Really - cabin heaters need to be properly vented.
docfmiles likes this.
__________________
Captain Bill

To view links or images in signatures your post count must be 10 or greater. You currently have 0 posts.


"It ain't all buttons and charts, little albatross. You know what the first rule of sailing is? Love. You take a boat in to sea that you don't love, she'll shake you off just as sure as the turning of worlds. Love keeps her afloat when she oughtta founder... tells ya she's hurtin' 'fore she keens… makes her a home." Captain Malcom Reynolds, Paraphrased
Reply With Quote Share with Facebook
  #5  
Old 10-22-2011
cktalons's Avatar
Member
 
Join Date: Jun 2011
Posts: 77
Thanks: 0
Thanked 0 Times in 0 Posts
Rep Power: 4
cktalons is on a distinguished road
Quote:
Originally Posted by pdqaltair View Post
It does spread a little radiant heat, but to me it isn't worth the storage or trouble.

But try it on your kitchen stove, don't ask us.
A liveaboard around here has suggested and sworn by the terra-cotta pot idea. Buying a pot and trying it out for myself seems a waste if the idea sucks. Why go through a stupid idea without vetting it among liveaboards who might actually know something (the terra fan is kind of a dufus, so I wanted some second opinions )

I think I'd rather just dock somewhere for the night, and plug into power for my heat.
__________________
~
To view links or images in signatures your post count must be 10 or greater. You currently have 0 posts.
Reply With Quote Share with Facebook
  #6  
Old 10-22-2011
jackdale's Avatar
Senior Member
 
Join Date: Dec 2008
Location: Calgary, AB, Canada
Posts: 8,876
Thanks: 26
Thanked 43 Times in 40 Posts
Rep Power: 6
jackdale will become famous soon enough
I use a 0 to -10 C sleeping bag and never use a heater. I have sailed every month of the year in Canada.

BTW - I also will not use an electric heater overnight.
__________________
__________________
ISPA Yachtmaster Offshore Instructor Evaluator
Sail Canada Advanced Cruising Instructor
IYT Yachtmaster Coastal Instructor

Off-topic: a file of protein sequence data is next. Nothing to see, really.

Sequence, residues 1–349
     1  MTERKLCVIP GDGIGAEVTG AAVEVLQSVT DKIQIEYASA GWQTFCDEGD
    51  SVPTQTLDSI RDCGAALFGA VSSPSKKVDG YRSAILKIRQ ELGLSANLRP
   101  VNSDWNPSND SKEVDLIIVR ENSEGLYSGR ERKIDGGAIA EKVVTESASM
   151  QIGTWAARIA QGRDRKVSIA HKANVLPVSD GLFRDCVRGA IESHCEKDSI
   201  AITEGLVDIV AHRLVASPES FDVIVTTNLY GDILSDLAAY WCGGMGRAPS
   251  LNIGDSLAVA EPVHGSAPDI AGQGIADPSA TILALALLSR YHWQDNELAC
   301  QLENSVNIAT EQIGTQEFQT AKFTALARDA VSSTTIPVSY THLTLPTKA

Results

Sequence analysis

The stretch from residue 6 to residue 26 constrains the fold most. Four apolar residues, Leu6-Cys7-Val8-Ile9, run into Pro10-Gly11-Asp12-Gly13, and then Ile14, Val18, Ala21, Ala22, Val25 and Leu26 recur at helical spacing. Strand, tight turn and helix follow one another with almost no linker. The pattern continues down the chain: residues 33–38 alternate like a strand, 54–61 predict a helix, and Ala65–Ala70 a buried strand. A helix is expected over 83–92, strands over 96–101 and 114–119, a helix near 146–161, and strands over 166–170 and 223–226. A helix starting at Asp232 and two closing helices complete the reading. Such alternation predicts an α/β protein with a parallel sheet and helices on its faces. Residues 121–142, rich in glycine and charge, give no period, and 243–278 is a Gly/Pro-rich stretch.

ASA 201, 203, 204, 205, 206, 214
As I sail, I praise God, and care not. (Luke Foxe)
Reply With Quote Share with Facebook
  #7  
Old 10-22-2011
Dog Ship's Avatar
Senior Member
 
Join Date: Sep 2011
Location: Dolphin Beach, B.C.
Posts: 550
Thanks: 1
Thanked 16 Times in 16 Posts
Rep Power: 4
Dog Ship is on a distinguished road
I to have spent many nights on boats and in rv's out here on the west coast of Canada where it gets wet and miserable and cold and wet and miserable and...and...cold, and never ever have I used a heater during the night when I sleep.
It is far to dangerous.
Get some good bedding, bundle up and whether it be an electric, diesel, propane or solid fuel heater "shut it off at night".
When you are able to wake up the next morning you will be greatful for having it shut off.
At least you will be alive to turn it on again.
Reply With Quote Share with Facebook
  #8  
Old 10-22-2011
ebs001's Avatar
Senior Member
 
Join Date: May 2006
Location: Ottawa, Canada
Posts: 2,140
Thanks: 5
Thanked 21 Times in 19 Posts
Rep Power: 9
ebs001 is on a distinguished road
Boats can get dam chilly at times. One of the best solutions we have found to make sleeping more comfortable under these conditions is a hot water bottle. It takes the chill out of the bed before you climb in and keeps your feet worm all night. At times, I also like to put one in the small of my back. The heating of the water takes the chill off at night and making coffee in the morning takes the chill off in the morning.
Reply With Quote Share with Facebook
  #9  
Old 10-22-2011
Ilenart's Avatar
Senior Member
 
Join Date: Jul 2007
Location: West Australia
Posts: 508
Thanks: 0
Thanked 1 Time in 1 Post
Rep Power: 8